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Biomedical Engineering pres.

Ph.D Defense: James R. Day

ngineering an Immuno-Isolating Hydrogel-Based Capsule to Restore Ovarian Endocrine Function

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Cancer patient survivorship has increased substantially over the past few decades due to advances in anticancer treatments. However, a common deleterious effect of these lifesaving treatments is premature ovarian insufficiency (POI), as they are gonadotoxic. POI leads to infertility and loss of ovarian endocrine function, which is particularly devastating for female cancer survivors who experience POI prior to puberty, as puberty is the most crucial physiological event in a female’s life. Lack of ovarian endocrine function and absence of puberty leads to long-term co-morbidities such as poor bone health, diminished metabolic turnover, impacted cognition, and high risk of cardiovascular events. Current treatment options such as hormone replacement therapy and ovarian auto-transplantation are associated with non-physiological delivery of hormones and risk of re-implanting cancerous cells. This thesis details the work to prove our hypothesis that allo-transplantation of donor ovarian tissue can be utilized to restore ovarian endocrine function without evoking an immune response. We hypothesized the concept of immuno-isolation could be utilized to protect encapsulated allogeneic ovarian tissue in murine and non-human primate models.

First, we developed a dual poly(ethylene glycol) (PEG) that was appropriate for both ovarian tissue transplantation and immuno-isolation. The Dual PEG capsule contained a proteolytically degradable core crosslinked via Michael-type addition which was conducive for the dynamic growth of ovarian tissue and a non-degradable PEG shell that would serve as the immuno-protective barrier. We demonstrated in an ovariectomized syngeneic murine model that ovarian tissue encapsulated in Dual PEG survived and functioned until removed 60 days after implantation, which was shown through resumption of cyclicity, restoration of the hypothalamic-pituitary-gonadal (HPG) axis, and presence of healthy developed follicles.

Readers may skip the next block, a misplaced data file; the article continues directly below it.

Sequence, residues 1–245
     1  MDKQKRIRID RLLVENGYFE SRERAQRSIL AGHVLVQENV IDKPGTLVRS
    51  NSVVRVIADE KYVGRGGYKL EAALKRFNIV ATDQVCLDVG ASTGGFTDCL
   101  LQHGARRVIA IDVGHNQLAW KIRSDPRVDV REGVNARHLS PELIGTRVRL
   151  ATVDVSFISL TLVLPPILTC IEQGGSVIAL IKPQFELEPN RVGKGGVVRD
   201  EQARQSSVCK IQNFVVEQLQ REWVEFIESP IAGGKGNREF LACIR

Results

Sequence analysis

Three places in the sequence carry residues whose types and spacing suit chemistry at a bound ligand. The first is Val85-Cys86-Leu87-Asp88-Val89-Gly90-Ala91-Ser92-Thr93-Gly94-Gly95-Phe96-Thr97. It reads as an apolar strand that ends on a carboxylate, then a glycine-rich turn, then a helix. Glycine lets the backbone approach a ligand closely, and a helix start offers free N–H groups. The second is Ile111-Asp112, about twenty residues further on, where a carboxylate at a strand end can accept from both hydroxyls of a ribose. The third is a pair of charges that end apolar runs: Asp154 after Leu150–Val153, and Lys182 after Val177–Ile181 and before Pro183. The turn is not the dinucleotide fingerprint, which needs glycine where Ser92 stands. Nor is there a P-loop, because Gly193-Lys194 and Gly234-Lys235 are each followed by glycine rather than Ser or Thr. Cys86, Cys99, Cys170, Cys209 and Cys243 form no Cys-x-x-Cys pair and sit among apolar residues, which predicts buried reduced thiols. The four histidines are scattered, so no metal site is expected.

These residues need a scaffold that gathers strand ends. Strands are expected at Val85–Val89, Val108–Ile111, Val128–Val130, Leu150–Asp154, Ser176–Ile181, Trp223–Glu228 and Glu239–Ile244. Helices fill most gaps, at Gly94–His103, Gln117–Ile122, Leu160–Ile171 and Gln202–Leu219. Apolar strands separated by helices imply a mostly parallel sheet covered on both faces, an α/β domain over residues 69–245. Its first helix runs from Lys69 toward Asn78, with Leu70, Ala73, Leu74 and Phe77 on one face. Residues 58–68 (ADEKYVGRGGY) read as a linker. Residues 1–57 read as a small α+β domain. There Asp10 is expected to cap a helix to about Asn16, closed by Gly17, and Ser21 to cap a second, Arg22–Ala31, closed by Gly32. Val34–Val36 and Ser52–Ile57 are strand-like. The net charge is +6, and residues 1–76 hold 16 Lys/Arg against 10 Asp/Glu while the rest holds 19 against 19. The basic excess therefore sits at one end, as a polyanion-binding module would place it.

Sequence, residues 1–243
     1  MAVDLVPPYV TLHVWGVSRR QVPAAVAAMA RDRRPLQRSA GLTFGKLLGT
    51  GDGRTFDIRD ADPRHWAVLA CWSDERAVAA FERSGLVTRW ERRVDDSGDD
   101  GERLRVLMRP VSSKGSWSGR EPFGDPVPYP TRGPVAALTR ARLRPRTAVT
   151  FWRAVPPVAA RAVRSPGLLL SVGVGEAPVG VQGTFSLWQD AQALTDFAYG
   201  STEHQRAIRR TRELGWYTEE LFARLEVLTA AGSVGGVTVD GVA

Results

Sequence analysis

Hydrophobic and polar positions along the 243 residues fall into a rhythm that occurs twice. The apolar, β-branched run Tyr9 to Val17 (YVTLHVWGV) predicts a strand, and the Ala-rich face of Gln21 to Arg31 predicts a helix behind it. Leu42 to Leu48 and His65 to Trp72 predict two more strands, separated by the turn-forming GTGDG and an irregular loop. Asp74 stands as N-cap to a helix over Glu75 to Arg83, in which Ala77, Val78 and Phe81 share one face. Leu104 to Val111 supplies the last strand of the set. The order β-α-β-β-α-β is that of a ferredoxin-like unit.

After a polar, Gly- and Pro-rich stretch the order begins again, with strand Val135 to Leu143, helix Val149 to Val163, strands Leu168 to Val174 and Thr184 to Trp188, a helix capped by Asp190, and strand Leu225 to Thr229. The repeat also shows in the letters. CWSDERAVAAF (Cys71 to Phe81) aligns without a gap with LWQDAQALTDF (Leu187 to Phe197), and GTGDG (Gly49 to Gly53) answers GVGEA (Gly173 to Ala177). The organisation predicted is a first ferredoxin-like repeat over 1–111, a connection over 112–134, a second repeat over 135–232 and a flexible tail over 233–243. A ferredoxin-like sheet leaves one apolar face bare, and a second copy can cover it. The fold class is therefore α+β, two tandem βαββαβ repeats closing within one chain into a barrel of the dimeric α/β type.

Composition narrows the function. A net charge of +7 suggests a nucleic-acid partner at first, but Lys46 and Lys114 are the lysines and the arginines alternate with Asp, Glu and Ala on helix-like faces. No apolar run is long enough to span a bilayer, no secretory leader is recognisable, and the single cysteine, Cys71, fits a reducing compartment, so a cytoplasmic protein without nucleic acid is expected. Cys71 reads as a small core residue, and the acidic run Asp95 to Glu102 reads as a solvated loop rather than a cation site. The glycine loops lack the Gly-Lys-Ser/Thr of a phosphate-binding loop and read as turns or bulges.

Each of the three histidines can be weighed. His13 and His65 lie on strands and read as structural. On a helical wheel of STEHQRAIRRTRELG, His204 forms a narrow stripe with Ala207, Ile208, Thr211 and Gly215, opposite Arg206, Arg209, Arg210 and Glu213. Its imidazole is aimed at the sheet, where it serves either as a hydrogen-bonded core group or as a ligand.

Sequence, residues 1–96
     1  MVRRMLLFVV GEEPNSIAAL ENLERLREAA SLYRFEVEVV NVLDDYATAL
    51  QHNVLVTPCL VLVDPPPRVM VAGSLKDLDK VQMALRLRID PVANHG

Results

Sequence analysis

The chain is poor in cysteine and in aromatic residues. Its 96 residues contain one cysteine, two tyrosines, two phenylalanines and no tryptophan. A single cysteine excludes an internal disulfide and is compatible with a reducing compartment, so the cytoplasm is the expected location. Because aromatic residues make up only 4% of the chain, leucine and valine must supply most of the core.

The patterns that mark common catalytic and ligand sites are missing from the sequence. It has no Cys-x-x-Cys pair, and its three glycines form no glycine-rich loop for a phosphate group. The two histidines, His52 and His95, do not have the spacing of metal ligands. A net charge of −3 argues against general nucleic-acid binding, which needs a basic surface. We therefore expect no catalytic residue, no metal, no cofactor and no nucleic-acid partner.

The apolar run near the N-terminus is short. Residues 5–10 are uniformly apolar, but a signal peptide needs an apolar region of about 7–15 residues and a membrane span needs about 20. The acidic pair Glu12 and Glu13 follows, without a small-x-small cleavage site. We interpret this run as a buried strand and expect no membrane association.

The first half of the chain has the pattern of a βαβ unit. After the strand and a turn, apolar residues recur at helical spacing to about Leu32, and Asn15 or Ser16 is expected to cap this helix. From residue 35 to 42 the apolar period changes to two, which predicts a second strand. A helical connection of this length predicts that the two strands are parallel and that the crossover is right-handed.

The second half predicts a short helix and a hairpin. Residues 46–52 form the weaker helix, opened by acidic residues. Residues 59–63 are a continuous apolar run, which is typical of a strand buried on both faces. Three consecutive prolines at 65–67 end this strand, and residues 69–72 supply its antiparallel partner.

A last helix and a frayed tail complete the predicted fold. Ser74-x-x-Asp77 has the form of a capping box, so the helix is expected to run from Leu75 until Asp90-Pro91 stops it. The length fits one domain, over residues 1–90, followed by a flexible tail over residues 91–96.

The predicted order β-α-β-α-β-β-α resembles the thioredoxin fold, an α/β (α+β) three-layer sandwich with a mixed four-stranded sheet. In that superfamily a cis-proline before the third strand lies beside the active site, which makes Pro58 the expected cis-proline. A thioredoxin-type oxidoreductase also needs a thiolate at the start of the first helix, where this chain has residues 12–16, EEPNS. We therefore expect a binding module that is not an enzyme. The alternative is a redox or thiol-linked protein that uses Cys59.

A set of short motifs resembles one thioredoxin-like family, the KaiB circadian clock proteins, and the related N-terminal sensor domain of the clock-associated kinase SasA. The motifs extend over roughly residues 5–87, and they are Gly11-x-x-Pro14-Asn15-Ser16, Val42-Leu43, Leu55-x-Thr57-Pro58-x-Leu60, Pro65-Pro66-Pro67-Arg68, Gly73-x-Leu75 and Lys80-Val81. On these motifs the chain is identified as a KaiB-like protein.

Next, we demonstrated the capsule was immuno-isolating as allogeneic ovarian tissue encapsulated in Dual PEG and implanted in recipient mice did not evoke a significant allo-specific antibody response compared to controls and the capsule did not allow cellular infiltration; protecting the encapsulated allograft from the outside immune environment and leading to ovarian endocrine restoration. After we proved that the Dual PEG capsule can prevent cellular infiltration, we demonstrated that the capsule can also retain cells encapsulated within, which can possibly be applied towards ovarian tissue auto-transplantation through retention of cancerous cells present in the graft and preventing cancer spreading and metastasis. We then demonstrated that encapsulation of ovarian allografts in Dual PEG precludes sensitization of the host immune system which proves the capsule is immuno-isolating and the host immune system is not exposed to allo-antigens while the graft is encapsulating, possibly allowing multiple implantations of the capsule.

Lastly, we demonstrate that non-human primate ovarian tissue can survive and develop in the Dual PEG capsule restoring ovarian endocrine function, while being protected from an immune response as indicated by the lack of active, dividing T cells in a syngeneic and allogeneic NHP model. This proves the capsule can withstand the volumetric change present in NHP folliculogenesis, protecting the encapsulated allograft, which promotes graft survival and ovarian endocrine restoration. Taken together, this dissertation works towards allowing the implantation of allogeneic ovarian tissue to restore ovarian endocrine function in a physiological manner without the risk of immune rejection.
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